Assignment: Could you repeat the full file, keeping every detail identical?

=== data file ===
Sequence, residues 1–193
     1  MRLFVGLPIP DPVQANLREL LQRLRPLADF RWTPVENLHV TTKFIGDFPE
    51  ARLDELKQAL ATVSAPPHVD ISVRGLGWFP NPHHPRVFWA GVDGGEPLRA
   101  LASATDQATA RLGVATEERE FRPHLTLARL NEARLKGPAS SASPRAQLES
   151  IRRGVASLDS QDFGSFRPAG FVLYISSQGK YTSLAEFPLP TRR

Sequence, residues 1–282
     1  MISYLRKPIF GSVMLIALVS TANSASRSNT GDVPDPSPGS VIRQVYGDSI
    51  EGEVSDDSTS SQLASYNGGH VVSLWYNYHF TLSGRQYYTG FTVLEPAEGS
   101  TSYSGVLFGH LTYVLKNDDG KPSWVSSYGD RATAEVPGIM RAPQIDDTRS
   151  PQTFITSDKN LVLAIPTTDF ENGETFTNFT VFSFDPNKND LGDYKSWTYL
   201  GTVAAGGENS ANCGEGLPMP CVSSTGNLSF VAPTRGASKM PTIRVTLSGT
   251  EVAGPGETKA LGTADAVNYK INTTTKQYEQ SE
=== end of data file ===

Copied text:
Sequence, residues 1–193
     1  MRLFVGLPIP DPVQANLREL LQRLRPLADF RWTPVENLHV TTKFIGDFPE
    51  ARLDELKQAL ATVSAPPHVD ISVRGLGWFP NPHHPRVFWA GVDGGEPLRA
   101  LASATDQATA RLGVATEERE FRPHLTLARL NEARLKGPAS SASPRAQLES
   151  IRRGVASLDS QDFGSFRPAG FVLYISSQGK YTSLAEFPLP TRR

Sequence, residues 1–282
     1  MISYLRKPIF GSVMLIALVS TANSASRSNT GDVPDPSPGS VIRQVYGDSI
    51  EGEVSDDSTS SQLASYNGGH VVSLWYNYHF TLSGRQYYTG FTVLEPAEGS
   101  TSYSGVLFGH LTYVLKNDDG KPSWVSSYGD RATAEVPGIM RAPQIDDTRS
   151  PQTFITSDKN LVLAIPTTDF ENGETFTNFT VFSFDPNKND LGDYKSWTYL
   201  GTVAAGGENS ANCGEGLPMP CVSSTGNLSF VAPTRGASKM PTIRVTLSGT
   251  EVAGPGETKA LGTADAVNYK INTTTKQYEQ SE